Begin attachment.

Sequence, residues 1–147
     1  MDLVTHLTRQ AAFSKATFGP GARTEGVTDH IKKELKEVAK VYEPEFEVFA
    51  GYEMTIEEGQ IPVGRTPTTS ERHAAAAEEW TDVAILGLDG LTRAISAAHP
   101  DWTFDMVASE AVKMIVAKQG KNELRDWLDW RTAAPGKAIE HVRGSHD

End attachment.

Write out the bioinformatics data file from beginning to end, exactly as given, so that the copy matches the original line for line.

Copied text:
Sequence, residues 1–147
     1  MDLVTHLTRQ AAFSKATFGP GARTEGVTDH IKKELKEVAK VYEPEFEVFA
    51  GYEMTIEEGQ IPVGRTPTTS ERHAAAAEEW TDVAILGLDG LTRAISAAHP
   101  DWTFDMVASE AVKMIVAKQG KNELRDWLDW RTAAPGKAIE HVRGSHD